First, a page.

Prospect Profile: Cliff Pu

Cliff Pu of the London Knights. Photo by Aaron Bell/OHL Images
Cliff Pu of the London Knights. Photo by Aaron Bell/OHL Images

Age: 20

Position: RW/C

Height: 6’2

Weight: 192lbs

Draft position: taken 69th overall by Buffalo in 2016

Contract: 3 year ELC worth $745,000 (CapFriendly)

Cliff Pu was the main piece acquired in an August 2nd deal that sent Jeff Skinner to Buffalo. Along with Pu, the Hurricanes received a 2019 second round pick as well as third and sixth round picks in 2020. The trade was an unpopular trade for Hurricanes fans, and it left many upset that the Hurricanes only recieved “magic beans.” In this profile, we’ll look at how Pu has performed since he began his OHL career in 2014, and then how his career could shape up.

Cliff Pu started his junior career with Oshawa in 2014, but was traded to London during that season. He was in a depth role, and didn’t produce a whole lot on a pretty stacked team. During London’s memorial cup run the next season, Pu was a key factor. After putting up 31 points in 63 games in a third line role, Pu took the playoffs by storm. He had 13 points in 18 games to help London win the OHL playoffs, and then went on to score a goal and add two assists in four memorial cup games. Scouts loved Pu’s potential, and many valued him as a late second round pick. Pu ended up getting drafted by Buffalo in the early third round, and went back to London for two seasons. In the following season, Pu was given more ice time on a team that was not quite as dominant as the season before, but still quite good. Pu exploded for 86 points in 63 games, a 55 point increase. It was clear that he could handle more ice time, and he was London’s best player in the 2016-2017 season. Pu’s next season was even more impressive since he was able to put up 45 points in 36 games on one of the OHL’s worst teams. After being traded to Kingston, Pu had 39 points in 29 games, as well as 17 points in 15 playoff games. Pu was a great second line winger for Kingston, and helped them reach the conference finals. In two seasons of development, Pu showed that he could be an impact player on any team and in any role.

Pu is a speedy two way forward that can play almost any forward position. He’s versatile, has size, and can move the puck seamlessly out of the defensive zone. His shot is above average for a junior forward, but he’s definitely more of a playmaker than a goal scorer. Pu loves to shoot from near the circles, and hovers around the net or behind the goal in the offensive zone. The Checkers will need a player like that for this season, especially if players like Zykov and Wallmark are moving up to the NHL. Pu’s hands are above average as well, especially in close. He’ll quickly move the puck to fake out the goalie in close, and it typically leads to a goal. He’ll still need work on deking if he wants to succeed in the NHL, though. He’s got enough speed to force a breakaway every now and then, but he really doesn’t have a go to move other than a forehand to backhand move. That’s fine, but NHL goalies will pick up on that pretty quickly. Pu is a fantastic passer, and one of those players that you can play anywhere on the ice. He’s not going to be a star, but he’ll likely be a reliable middle six forward if he makes it to the NHL. He’s going into a great program, too. I notice a few NHL player comparables too. He reminds me a bit of Valentin Zykov when I see him hover around the net. He’s tough to knock off the puck, and great at tapping in rebounds. Pu can creep in on the rush and surprise people for goals, too. I also see a bit of Elias Lindholm in his game. Remember those three games where Lindholm played behind the goal line on the power play?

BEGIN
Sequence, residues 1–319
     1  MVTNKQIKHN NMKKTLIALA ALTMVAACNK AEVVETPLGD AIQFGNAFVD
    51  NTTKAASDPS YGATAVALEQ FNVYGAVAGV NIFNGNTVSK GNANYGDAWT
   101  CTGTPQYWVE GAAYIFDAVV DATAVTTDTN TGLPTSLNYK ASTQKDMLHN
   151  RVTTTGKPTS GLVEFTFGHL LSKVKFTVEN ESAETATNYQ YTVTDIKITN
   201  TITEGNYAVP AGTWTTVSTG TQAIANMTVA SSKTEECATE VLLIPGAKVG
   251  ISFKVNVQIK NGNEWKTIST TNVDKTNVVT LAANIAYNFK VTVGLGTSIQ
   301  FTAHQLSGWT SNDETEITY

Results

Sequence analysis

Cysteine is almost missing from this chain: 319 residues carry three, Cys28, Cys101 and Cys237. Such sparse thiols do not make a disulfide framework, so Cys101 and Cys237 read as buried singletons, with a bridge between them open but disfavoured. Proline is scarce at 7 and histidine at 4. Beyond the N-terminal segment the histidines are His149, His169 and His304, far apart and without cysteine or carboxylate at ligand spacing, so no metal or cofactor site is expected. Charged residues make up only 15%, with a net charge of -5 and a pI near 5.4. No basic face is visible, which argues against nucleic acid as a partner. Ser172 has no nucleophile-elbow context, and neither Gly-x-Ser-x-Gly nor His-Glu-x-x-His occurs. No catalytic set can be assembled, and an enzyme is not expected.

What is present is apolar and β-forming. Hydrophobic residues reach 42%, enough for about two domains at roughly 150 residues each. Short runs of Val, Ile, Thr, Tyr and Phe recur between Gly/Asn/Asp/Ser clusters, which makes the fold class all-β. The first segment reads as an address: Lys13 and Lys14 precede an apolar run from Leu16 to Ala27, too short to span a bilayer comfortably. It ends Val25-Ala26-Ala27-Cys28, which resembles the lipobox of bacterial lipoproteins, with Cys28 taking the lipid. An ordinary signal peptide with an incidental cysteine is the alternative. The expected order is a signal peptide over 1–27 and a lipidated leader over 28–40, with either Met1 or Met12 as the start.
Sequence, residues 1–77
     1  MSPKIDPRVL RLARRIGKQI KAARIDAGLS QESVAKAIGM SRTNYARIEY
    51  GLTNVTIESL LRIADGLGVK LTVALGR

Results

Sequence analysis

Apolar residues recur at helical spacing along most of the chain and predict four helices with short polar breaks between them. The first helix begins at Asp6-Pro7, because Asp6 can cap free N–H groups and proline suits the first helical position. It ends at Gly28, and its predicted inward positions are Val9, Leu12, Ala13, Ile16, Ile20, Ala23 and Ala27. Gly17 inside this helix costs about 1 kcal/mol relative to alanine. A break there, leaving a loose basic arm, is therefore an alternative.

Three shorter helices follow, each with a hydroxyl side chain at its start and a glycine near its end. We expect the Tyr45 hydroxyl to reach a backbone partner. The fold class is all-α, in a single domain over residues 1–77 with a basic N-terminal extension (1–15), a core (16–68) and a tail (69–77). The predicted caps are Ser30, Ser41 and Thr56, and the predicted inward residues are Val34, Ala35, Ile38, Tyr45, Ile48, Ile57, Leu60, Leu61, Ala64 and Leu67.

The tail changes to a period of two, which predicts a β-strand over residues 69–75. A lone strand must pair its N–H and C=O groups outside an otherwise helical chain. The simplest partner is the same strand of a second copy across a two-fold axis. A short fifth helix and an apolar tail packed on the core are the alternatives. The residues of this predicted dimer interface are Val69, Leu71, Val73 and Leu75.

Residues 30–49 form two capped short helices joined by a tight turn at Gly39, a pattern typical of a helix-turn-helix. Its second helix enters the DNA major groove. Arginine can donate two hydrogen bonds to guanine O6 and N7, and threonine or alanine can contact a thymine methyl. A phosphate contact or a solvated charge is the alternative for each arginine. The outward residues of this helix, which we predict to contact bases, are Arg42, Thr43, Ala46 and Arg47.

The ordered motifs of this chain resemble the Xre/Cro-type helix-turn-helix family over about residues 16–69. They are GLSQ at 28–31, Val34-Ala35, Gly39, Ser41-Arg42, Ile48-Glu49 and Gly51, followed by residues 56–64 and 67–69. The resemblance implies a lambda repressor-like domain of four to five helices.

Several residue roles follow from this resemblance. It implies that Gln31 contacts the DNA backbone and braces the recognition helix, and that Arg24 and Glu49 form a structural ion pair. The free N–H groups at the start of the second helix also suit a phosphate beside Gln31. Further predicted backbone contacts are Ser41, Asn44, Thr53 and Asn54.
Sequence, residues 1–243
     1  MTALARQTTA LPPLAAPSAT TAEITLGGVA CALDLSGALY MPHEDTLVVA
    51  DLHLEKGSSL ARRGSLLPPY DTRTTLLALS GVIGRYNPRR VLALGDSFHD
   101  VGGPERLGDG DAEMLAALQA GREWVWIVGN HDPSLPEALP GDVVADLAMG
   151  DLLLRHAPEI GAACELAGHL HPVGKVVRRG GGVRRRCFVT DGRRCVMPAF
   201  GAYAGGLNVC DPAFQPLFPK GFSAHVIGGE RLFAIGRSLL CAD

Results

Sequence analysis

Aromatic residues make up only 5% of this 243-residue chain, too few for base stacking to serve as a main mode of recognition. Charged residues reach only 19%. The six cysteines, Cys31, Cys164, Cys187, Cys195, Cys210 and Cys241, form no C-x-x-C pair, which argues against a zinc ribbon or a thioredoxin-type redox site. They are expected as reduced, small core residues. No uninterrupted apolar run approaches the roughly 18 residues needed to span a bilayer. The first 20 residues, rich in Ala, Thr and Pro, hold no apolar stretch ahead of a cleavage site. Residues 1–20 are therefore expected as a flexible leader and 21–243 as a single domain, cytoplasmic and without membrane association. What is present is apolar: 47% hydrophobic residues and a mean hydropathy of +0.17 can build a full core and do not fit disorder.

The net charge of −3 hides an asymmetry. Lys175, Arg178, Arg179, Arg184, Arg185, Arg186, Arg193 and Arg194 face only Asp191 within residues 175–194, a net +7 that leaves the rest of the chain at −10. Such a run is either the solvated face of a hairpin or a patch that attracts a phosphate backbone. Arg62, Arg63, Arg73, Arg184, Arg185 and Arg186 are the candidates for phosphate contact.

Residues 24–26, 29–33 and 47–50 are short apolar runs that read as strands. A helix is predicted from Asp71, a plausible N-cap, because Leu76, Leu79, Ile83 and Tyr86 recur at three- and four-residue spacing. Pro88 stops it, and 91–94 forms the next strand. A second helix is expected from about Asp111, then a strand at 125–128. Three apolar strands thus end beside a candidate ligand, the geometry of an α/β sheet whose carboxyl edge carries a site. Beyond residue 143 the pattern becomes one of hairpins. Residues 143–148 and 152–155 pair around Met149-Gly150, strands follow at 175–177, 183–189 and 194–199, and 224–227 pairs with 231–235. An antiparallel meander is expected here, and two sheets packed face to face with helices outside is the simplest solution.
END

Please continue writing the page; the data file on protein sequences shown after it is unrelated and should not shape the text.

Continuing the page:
Well I remember too, and I see a lot of similarities. He moves his feet, receives the pass from a teammate, and then dishes out the puck to the eventual goal scorer with precision. He’s great along the boards, and can make passes through any defender. Lindholm was good at that as well, but then Bill Peters changed the system and…well, you know the story. Pu is also really quick. I don’t see Necas-type speed in him, but I do think he’s one of our faster prospects. I think that he’s about as fast as Teravainen. He’s got great speed as it is, and it doesn’t take him long to get up to speed too. That quick burst of speed from his first few steps are good enough to separate him from defenders, and it usually leads to odd man rushes and breakaways. It’s a great asset to have, especially heading into your first pro season.

Charlotte’s coaching staff is phenomenal, and they’ll give Pu the tools he needs to succeed at the professional level. There isn’t any room for Pu in the NHL right now, nor is he ready to take that step. Instead, he’ll go to Charlotte and likely see middle six minutes there. With Charlotte losing some key forwards to the NHL or Europe, new guys such as Pu and Geekie will play key roles on that team.

So what’s Pu’s NHL ceiling? It’s looking like he’ll peak at a second line forward. It’s more likely that he’ll be a third line guy, but there’s potential for him to be a key player someday. It’s fairly likely that he’ll turn into an NHL player, and I think that this season is critical for his development. Is a potential middle six forward and three picks a good return for Skinner? No. You’d want more from that trade, but the Canes couldn’t get more. He didn’t want to be here, so it’s better to get what you can for him and move on. The return sucked, but at least we got something.

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